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CELTIC SOUL: 3 STARS. “the giddy feel of a really good home travel movie.”

screen-shot-2016-11-24-at-7-24-12-amFew sports teams have fans as enthusiastic as those who enjoy, nay, worship Glasgow’s Celtic Football Club. “Celtic Soul,” a new documentary from director Michael McNamara, showcases two soccer supporters as they travel two continents and three countries to make it to see a match in paradise a.k.a. Celtic Park.

“Goon” star Jay Baruchel and sports broadcaster Eoin O’Callaghan began the journey as twitter friends. After two years of chatting 140 characters at a time the pair became friends when O’Callaghan came to Montreal to visit the actor. That turned into the first leg of a journey that would take them from Quebec’s Bell Centre, home ice of the Canadiens, to Dublin’s Croke Park, one of Europe’s largest sports stadiums where they try hurling, a forerunner to hockey.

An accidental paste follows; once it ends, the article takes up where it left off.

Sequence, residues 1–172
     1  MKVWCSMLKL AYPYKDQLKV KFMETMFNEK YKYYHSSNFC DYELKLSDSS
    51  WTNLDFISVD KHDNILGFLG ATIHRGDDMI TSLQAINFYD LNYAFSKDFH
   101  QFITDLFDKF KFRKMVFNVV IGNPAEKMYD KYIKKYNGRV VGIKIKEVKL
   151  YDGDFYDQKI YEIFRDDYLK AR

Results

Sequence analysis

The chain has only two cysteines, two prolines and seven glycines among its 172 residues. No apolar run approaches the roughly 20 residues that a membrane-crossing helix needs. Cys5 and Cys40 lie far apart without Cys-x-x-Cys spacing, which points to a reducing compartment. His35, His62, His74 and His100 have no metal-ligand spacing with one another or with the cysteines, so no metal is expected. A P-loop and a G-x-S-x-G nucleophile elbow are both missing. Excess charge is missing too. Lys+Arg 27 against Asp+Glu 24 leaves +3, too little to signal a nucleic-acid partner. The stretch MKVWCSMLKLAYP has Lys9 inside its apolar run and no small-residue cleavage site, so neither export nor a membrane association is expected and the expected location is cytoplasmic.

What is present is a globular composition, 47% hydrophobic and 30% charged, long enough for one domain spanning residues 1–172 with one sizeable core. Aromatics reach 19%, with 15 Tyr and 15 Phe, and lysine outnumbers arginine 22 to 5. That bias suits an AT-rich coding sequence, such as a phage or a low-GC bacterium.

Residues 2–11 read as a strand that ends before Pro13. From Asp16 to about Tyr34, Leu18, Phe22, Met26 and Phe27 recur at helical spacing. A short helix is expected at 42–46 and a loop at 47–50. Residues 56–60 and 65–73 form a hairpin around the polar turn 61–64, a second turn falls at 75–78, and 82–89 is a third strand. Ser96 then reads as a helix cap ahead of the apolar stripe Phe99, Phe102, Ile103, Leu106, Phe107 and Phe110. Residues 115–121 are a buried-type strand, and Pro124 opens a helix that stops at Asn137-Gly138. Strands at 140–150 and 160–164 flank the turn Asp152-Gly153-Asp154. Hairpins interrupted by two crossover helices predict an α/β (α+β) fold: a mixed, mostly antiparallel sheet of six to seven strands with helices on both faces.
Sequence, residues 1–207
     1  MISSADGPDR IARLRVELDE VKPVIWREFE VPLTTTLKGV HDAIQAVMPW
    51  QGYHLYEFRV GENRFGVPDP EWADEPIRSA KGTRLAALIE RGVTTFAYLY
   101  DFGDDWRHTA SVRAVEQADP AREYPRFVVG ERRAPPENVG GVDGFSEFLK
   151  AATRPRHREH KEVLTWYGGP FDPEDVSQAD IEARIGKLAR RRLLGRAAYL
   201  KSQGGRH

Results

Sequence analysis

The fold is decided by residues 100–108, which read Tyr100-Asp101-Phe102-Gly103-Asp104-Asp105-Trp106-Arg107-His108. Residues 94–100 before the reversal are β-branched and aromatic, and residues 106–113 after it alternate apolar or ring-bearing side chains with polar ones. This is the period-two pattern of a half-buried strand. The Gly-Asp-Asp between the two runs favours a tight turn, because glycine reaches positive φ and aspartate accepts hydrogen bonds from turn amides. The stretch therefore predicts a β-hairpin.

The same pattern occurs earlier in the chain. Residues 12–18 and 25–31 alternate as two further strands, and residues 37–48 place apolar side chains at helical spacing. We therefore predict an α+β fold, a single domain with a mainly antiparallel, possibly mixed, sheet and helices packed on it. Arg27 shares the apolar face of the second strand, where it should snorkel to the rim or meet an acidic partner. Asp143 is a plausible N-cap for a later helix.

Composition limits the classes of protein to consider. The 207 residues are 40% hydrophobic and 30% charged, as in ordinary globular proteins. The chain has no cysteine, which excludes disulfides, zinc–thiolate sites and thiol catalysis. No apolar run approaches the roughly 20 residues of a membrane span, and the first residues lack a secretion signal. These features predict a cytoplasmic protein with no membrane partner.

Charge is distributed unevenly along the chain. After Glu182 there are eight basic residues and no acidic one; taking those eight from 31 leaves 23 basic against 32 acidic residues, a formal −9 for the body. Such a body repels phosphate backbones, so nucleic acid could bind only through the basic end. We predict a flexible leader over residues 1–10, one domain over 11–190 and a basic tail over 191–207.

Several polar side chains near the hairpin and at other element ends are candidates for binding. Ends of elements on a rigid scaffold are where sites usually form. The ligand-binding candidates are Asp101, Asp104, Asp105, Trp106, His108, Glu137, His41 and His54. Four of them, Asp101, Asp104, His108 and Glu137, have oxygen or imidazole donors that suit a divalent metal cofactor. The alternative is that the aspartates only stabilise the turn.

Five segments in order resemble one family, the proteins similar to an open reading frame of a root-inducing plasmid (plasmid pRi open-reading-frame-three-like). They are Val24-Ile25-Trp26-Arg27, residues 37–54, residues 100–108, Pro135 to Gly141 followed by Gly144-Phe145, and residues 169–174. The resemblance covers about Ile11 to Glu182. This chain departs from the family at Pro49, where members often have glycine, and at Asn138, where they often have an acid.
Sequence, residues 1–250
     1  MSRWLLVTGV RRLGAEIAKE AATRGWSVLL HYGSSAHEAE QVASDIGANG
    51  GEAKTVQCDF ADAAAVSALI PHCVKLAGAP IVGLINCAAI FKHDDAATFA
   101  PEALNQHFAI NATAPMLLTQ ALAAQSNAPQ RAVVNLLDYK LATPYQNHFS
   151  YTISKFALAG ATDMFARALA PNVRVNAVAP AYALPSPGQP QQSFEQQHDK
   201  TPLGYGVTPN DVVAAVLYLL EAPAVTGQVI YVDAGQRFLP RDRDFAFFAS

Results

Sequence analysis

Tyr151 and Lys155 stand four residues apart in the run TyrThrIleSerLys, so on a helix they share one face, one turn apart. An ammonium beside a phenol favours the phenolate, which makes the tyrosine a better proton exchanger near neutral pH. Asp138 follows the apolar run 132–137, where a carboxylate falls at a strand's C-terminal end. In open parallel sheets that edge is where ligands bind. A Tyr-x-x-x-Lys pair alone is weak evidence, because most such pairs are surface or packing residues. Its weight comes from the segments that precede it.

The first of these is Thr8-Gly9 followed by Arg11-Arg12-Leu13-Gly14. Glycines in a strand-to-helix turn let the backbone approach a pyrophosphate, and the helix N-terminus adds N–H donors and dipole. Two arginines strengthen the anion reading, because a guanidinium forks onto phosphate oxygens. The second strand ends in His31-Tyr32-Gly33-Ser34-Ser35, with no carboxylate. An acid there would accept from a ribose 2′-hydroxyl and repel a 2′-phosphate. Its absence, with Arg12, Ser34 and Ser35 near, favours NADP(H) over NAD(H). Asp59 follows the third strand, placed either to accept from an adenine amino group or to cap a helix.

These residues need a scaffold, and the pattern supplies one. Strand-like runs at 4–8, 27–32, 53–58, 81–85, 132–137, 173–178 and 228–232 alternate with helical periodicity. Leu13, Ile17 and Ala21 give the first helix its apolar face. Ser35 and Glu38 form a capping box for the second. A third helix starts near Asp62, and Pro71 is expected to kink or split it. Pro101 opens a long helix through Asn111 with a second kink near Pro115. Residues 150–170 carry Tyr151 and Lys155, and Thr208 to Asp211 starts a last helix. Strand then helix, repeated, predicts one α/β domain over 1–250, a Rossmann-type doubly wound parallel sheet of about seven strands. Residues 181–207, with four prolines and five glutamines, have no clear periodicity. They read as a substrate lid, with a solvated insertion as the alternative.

They will go on to travel across country to Cairnryan, Scotland making their way to Glasgow, home town of the Celtic FC, but first they stop off at Westport, County Mayo to trace Baruchel’s Irish roots.

“Celtic Soul” is, in its soul, a buddy movie. Like all good sports movies it isn’t really about the sport, it’s about a more universal truth. It’s about the where the sport came from, what it means to its fans and why it is part of the fabric of people’s lives. Baruchel and O’Callaghan are welcoming hosts whose infectious enthusiasm gives the documentary the giddy feel of a really good home travel movie. Natural and unaffected, they invite the viewer in, whether they’re a footy fan or not.

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